On April 18, 2019, Dr. Mathangi Subramanian turned to Twitter to describe the time her daughter became a victim of playground racism. Sadly, it’s still relevant.

You see, two girls refused to play with Dr. Subramanian’s daughter because her hair wasn’t like theirs. It wasn’t blonde. And the whole situation might’ve gone unnoticed if it wasn’t for Dr. Subramanian. While the parents of the two girls didn’t intervene to teach their children about race, she did.

Using the conflict as an opportunity for growth, Dr. Subramanian took her time to broaden the worldview of all three kids. Naturally, being an award-winning writer and educator, she handled the tough situation perfectly.

More info: mathangisubramanian.comTwitter

Image credits: mathangiwrites

Image credits: mathangiwrites

Image credits: mathangiwrites

Image credits: mathangiwrites

Image credits: mathangiwrites

Dr. Subramanian said the exact words she told the blonde girls are a bit fuzzy now, but she explained to them that they weren’t allowed to exclude people in a public space like a playground. “I don’t know if they understood the message — I don’t think they did, because they didn’t actually let my daughter play with them,” the mother told Bored Panda.

“[Me and my daughter] have had a lot of conversations about race,” Dr. Subramanian continued. “I told her [on our way home] that sometimes people are mean to each other because of differences and because she and I have dark skin, we might be treated differently. She has faced racism since then, and we’ve revisited this conversation often.”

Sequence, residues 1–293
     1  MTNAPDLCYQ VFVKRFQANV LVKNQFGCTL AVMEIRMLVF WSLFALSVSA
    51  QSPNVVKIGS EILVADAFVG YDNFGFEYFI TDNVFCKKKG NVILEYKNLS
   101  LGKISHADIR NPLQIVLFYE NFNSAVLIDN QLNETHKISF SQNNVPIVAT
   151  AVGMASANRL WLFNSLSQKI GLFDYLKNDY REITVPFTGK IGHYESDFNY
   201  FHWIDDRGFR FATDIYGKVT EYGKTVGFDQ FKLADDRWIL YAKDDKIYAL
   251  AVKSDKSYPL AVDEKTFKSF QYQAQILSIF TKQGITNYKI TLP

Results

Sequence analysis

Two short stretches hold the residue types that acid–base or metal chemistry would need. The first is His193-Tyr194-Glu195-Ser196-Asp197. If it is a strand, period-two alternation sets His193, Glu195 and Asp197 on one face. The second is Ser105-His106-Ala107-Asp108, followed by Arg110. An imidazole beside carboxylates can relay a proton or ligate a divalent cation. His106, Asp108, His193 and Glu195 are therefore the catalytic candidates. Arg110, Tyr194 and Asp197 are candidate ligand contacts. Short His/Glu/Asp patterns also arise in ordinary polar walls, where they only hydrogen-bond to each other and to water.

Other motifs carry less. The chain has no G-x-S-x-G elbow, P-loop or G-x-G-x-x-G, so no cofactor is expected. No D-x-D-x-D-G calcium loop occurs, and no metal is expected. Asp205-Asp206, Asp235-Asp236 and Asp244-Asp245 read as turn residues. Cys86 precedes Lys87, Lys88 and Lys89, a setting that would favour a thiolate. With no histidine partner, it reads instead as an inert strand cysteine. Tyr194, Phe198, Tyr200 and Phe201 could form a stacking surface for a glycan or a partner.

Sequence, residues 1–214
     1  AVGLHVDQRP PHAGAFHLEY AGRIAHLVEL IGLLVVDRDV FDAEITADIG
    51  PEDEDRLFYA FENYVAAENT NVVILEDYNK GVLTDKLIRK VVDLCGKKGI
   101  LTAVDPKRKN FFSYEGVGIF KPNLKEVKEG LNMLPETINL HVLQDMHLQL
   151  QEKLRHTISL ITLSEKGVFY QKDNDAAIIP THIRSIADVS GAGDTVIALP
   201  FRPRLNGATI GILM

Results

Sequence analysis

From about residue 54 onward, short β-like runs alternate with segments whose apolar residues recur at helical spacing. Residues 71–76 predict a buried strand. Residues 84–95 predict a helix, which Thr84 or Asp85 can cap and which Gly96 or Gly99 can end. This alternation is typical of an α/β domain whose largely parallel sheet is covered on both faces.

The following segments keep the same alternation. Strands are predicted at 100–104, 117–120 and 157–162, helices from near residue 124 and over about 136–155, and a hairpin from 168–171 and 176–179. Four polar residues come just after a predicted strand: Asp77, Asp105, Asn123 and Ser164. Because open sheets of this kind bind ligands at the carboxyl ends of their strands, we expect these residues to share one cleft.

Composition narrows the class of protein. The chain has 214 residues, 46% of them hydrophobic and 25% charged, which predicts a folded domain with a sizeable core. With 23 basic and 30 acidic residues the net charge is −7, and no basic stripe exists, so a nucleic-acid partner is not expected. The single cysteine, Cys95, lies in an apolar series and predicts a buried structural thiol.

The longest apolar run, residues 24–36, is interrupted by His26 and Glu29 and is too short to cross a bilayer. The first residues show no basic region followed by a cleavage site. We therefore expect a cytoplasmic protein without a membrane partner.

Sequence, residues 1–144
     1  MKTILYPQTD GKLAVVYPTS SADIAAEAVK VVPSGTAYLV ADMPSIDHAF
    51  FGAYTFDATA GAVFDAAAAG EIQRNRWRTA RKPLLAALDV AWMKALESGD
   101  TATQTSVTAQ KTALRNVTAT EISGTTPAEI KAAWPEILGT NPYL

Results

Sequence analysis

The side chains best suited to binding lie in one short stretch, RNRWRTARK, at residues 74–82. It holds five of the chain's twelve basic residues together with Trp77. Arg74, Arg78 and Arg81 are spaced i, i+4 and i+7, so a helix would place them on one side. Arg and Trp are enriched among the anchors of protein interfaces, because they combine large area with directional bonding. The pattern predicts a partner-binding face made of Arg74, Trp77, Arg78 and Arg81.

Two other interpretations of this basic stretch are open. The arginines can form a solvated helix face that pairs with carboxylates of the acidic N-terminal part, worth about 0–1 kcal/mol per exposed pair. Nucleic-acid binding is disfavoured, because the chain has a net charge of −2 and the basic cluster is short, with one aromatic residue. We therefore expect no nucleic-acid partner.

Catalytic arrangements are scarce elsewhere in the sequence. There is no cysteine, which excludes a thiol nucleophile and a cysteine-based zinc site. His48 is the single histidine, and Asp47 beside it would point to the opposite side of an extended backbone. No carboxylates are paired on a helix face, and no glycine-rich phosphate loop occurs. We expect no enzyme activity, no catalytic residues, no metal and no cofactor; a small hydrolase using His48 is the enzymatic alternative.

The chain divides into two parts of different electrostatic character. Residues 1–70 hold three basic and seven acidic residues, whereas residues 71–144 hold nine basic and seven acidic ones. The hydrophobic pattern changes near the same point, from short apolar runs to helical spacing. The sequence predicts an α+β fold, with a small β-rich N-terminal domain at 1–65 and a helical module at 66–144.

Here’s what people said after reading the story

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According to Erin N. Winkler, an associate professor at the University of California, Berkeley who specializes in racial socialization, research shows that kids are noticing racialized patterns in the world around them from a very young age and they are trying to figure out those patterns. “Those messages are getting to them from a whole variety of sources, not just from families,” Winkler told EmbraceRace. “They’re getting it from media, books, cartoons and so on and so forth… even if you try to limit your child’s exposure to some of these things, those messages are really getting in from these other sources.”

“We want them to match their shapes and their animals and, you know, match things and learn patterns but they’re trying to figure out the rules from those patterns that they see around them. So families often think that they alone control what children learn. But these messages come from all over,” Winkler said. And that’s why it’s so important to talk to kids about race, to help them navigate these messages.

Dr. Subramanian thinks some white parents don’t initiate these conversations with their children because they’re not faced with it daily. “They don’t think about race because it doesn’t affect them. I don’t talk to my daughter enough about class, for example, because my family is middle class. We all have our blind spots, and it’s important to examine what they are and address them,” she explained.

The mom added that she really appreciates everyone’s support and hopes that now people focus on the words of black mothers and activists and contribute to the Black Lives Matter movement however they can.

All of the positive responses really cheered the mother up

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Image credits: mathangiwrites